Arturo O'Farrill & the Afro-Latin Jazz Orchestra
“ Dance music is very powerful because it unites the brain with the body. Arturo O'Farrill ”
O'Farrill, winner of the Latin Jazz USA Outstanding Achievement Award for 2003, was born in Mexico and grew up in New York City. Educated at the Manhattan School of Music, Brooklyn College Conservatory, and the Aaron Copeland School of Music at Queens College, he played piano with the Carla Bley Big Band from 1979 through 1983. Arturo then went on to develop as a solo performer with a wide spectrum of artists including Dizzy Gillespie, Steve Turre, Freddy Cole, The Fort Apache Band, Lester Bowie, Harry Belafonte and Jazz at Lincoln Center Artistic Director Wynton Marsalis.
In 1995, O'Farrill agreed to direct the band that preserved much of his father's music, Chico O'Farrill's Afro-Cuban Jazz Orchestra, which has been in residence at Birdland, New York City's famed nightclub, for the past six years. O'Farrill was a special guest soloist at three landmark Jazz at Lincoln Center concerts - Afro-Cuban Jazz: Chico O'Farrill's Afro-Cuban Jazz Orchestra, November 1995; Con Alma: The Latin Tinge in Big Band Jazz, September 1998; and the 2001 Jazz at Lincoln Center Gala: The Spirit of Tito Puente, November 2001.
In 2002, O'Farrill and Marsalis created the Afro-Latin Jazz Orchestra for Jazz at Lincoln Center. They will get national exposure October 18, 2004 on the PBS "Live From Lincoln Center" broadcast of the Jazz at Lincoln Center's Frederick P. Rose Hall Grand Opening. (Check your local listings.) Jazz at Lincoln Center's new home, Frederick P. Rose Hall, located on Broadway at 60th Street in Manhattan, is the world's first performing arts center designed for jazz.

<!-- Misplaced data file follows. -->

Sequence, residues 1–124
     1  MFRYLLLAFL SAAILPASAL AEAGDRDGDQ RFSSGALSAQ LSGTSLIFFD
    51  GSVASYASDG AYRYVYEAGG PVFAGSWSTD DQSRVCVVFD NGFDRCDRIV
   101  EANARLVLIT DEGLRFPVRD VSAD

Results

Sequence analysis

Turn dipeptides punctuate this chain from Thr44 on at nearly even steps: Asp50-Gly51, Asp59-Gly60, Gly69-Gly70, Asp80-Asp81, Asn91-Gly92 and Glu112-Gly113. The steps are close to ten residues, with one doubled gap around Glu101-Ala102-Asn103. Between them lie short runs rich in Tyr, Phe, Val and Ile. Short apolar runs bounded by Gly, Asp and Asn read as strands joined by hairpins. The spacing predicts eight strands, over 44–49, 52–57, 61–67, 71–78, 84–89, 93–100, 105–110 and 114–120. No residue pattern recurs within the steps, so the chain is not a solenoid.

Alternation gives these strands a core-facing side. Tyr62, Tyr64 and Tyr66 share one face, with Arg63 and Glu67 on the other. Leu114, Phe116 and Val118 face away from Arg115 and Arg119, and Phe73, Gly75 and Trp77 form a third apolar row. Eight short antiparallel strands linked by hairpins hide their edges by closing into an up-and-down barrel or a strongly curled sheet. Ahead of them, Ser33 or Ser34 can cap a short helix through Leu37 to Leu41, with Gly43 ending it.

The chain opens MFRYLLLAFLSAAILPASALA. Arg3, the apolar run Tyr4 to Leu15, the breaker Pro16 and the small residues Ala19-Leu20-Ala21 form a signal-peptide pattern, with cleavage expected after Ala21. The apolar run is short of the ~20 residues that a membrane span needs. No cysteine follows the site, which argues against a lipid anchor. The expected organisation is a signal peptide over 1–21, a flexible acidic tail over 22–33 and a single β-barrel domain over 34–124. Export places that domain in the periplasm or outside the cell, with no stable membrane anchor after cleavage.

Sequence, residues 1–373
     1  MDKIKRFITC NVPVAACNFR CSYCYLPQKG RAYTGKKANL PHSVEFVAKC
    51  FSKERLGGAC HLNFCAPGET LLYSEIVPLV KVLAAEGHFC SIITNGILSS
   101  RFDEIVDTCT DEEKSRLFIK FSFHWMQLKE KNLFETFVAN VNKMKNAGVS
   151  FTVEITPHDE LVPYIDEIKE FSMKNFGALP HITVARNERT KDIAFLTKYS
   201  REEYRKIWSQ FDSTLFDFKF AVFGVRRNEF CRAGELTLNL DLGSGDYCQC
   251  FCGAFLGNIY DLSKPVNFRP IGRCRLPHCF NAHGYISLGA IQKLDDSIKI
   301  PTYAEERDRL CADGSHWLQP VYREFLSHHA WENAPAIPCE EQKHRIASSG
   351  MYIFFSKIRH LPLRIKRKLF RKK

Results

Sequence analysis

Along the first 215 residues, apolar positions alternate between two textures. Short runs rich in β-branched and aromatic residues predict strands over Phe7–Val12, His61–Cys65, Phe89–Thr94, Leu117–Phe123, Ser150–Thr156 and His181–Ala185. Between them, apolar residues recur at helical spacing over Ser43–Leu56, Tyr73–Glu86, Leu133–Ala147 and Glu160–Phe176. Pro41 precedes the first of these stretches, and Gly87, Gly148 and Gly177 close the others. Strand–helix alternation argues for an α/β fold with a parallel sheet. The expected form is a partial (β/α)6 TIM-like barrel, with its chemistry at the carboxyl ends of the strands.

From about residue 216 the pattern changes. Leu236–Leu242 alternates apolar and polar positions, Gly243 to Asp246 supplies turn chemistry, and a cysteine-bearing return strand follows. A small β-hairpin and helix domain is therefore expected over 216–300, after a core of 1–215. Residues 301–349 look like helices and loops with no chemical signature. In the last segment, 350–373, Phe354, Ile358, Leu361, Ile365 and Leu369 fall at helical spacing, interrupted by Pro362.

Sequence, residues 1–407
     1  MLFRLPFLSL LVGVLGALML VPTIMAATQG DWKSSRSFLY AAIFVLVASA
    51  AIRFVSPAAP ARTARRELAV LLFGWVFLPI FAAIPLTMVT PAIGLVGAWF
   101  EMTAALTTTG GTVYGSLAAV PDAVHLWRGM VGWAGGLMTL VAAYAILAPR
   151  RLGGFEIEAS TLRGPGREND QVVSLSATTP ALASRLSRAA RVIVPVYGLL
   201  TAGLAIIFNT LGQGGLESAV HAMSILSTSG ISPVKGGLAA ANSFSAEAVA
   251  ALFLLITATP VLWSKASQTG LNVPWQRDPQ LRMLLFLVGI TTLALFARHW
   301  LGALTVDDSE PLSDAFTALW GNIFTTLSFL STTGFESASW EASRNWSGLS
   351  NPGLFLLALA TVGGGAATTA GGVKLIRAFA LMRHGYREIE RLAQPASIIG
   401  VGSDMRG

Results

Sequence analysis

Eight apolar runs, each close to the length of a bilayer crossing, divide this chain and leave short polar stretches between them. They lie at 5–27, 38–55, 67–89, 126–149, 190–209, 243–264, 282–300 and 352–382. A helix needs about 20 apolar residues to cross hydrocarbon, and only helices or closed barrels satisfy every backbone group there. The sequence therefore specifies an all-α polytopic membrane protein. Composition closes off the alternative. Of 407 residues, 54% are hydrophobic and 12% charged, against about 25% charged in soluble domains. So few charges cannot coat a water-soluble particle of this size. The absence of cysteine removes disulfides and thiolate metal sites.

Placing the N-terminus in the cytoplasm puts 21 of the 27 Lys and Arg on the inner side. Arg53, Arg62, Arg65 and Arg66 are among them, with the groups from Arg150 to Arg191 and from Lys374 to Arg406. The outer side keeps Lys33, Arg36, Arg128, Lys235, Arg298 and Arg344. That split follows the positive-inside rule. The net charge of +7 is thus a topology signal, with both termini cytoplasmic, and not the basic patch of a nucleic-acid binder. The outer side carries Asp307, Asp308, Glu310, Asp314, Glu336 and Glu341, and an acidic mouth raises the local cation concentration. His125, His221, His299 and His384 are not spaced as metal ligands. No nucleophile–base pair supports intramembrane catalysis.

I recently spoke to O'Farrill about his work with Jazz at Lincoln Center as Music Director and pianist for the Afro-Latin Jazz Orchestra. "The Afro Latin Jazz Orchestra is a hand-picked sister ensemble to the Lincoln Center Jazz Orchestra that represents the music of the Afro-Caribbean genre. It's really as inclusive and wide-ranging in its scope as anything we have in contemporary jazz. A lot of people think of Latin jazz as a subset of jazz, but it really isn't. Latin jazz is a sister, a sort of sibling. They grew up in different continents, but they follow a very similar timeline. So the Afro-Latin Jazz Orchestra has as huge a repertoire, in its specificity, as any modern day jazz orchestra."
He says the seeds for the Afro-Latin Jazz Orchestra were planted a while ago, "We got together about nine or ten years ago, the Chico O'Farrill Afro-Cuban Jazz Orchestra played a concert at Alice Tully Hall with Marsalis. At the time I thought to myself, it would be really nice if the Latino jazz tradition had a similar set up. So I approached Wynton and asked if he could direct us towards foundations or institutions that might want this sort of orchestra to be a part of their ensembles. Wynton was very intrigued. Of course I never would have imagined that he, himself, would have embraced this orchestra and we're very proud of the fact that he did. It shows a lot about Wynton and his openness and the scope of his imagination. So he invited me to direct a resident Latin jazz orchestra, specifically an Afro-Caribbean, Afro-Cuban jazz orchestra as part of the Jazz at Lincoln Center family."